A participant asked whether a heat treatment could be devised to encourage a particular long-term microstructure evolution regardless of the as-built microstructure. Johnson responded that he is not sure if it is possible to do so. Jägle replied that there are limited options for changing the heat treatment, which is why it is important to understand the solidification process. Levine stated that developing a heat treatment for a specific AM alloy is complex. He described two cases in which NIST tried to develop heat treatments with unexpected complications. In one case, a residual stress heat treatment was needed before cutting the parts off of the build plate. This process resulted in significant amounts of unpredicted niobium, which had to be eliminated.
A participant asked about the roles of creep, fatigue, and tensile properties in microstructure evolution. Korzekwa responded that, overall, predicting segregation and texture is challenging. Temperature-dependent mechanical properties are not understood well enough to predict some of the previously mentioned heat treatment effects. She noted that more work is needed to improve modeling capabilities and estimates of relevant material properties; Jägle added that these advances could help researchers achieve desired microstructures and better understand performance. Once there is a microstructure, the models used to translate the microstructure into thermomechanical properties are similar, with additional considerations such as defects that are not present in other materials. Levine gave an example in which his team at NIST tested about six different annealing treatments before the precipitation process. The team did mechanical testing on treated parts; although these parts were composed of the same material and were subjected to heat treatments in similar ranges, tensile tests varied by a factor of three. This difference was due to microstructure variations, including which precipitates formed (and their size and predictability).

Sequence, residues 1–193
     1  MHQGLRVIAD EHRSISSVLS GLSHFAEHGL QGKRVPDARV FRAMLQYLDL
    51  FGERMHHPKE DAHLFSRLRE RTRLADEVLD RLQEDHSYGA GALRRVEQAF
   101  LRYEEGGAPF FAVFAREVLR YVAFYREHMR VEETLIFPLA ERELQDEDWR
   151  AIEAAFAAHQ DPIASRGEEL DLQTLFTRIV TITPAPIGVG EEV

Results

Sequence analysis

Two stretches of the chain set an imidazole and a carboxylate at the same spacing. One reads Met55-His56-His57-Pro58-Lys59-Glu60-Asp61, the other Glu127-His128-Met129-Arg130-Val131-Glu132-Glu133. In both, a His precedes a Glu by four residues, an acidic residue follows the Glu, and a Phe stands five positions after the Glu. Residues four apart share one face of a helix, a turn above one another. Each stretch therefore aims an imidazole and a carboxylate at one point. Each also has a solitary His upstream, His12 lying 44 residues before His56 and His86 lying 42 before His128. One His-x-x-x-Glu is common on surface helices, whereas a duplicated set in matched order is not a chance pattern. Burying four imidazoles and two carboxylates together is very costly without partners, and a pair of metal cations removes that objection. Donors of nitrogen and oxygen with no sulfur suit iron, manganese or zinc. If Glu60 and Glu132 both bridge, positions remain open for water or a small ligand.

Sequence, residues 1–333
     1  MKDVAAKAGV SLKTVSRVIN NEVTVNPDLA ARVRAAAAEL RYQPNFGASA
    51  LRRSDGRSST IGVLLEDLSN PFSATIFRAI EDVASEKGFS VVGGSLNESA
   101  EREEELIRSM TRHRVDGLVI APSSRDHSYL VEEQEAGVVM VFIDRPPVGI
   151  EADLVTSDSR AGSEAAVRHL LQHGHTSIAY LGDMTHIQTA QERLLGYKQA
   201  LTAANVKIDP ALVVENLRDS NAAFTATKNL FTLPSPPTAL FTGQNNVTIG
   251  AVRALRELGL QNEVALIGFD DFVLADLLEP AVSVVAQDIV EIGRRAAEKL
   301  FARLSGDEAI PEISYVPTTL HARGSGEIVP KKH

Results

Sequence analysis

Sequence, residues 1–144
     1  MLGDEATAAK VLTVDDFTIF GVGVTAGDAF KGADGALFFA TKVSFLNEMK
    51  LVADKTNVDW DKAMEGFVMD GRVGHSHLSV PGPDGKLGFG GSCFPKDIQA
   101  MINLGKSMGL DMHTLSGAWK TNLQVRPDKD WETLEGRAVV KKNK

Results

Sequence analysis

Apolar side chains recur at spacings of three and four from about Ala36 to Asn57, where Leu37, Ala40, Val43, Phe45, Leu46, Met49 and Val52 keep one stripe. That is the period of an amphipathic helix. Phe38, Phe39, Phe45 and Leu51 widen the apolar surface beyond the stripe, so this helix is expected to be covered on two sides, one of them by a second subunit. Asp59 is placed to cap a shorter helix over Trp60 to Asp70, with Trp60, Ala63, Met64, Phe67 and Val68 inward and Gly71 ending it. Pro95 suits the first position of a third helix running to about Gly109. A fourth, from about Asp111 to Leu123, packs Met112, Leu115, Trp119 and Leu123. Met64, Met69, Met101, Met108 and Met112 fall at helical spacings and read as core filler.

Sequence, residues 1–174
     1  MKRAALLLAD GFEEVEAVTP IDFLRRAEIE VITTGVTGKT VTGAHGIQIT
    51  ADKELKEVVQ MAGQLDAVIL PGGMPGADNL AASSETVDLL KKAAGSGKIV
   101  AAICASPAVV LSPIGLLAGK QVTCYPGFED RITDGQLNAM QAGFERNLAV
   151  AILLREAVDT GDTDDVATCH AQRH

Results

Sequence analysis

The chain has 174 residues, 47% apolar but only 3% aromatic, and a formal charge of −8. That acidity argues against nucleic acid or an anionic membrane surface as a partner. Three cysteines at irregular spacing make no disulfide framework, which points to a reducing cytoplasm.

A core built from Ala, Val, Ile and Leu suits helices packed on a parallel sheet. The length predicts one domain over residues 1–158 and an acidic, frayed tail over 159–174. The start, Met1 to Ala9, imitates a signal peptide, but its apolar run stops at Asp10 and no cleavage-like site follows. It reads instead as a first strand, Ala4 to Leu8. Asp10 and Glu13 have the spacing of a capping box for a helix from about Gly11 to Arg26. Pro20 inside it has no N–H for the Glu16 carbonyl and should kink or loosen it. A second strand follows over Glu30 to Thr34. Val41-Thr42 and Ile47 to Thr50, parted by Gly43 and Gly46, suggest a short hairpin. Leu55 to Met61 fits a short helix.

The same audience member asked how current knowledge of microstructure modeling could be applied to multicomponent alloy design. Jägle responded that there is no single approach to alloy design; it depends on the type of alloy. If he was asked to design a better aluminum alloy, he would need to design better precipitates or compositions that would work in AM.
In response to a question about model uncertainties and validation tests, Turner stated that confidence in a model is needed before exploring factors such as surface tension at various temperatures. Teter noted that sensitivity analysis of certain parameters, such as recoil versus Marangoni in the melt-pool behavior, is a big open question in AM.
Levine asked the panelists about short-, intermediate-, and long-term goals for AM of metals, which are described below.
- Improving microstructure modeling, particularly for the prediction of grain size, phases, and defects (Johnson);
- Using machine learning on in-situ monitoring data (Johnson);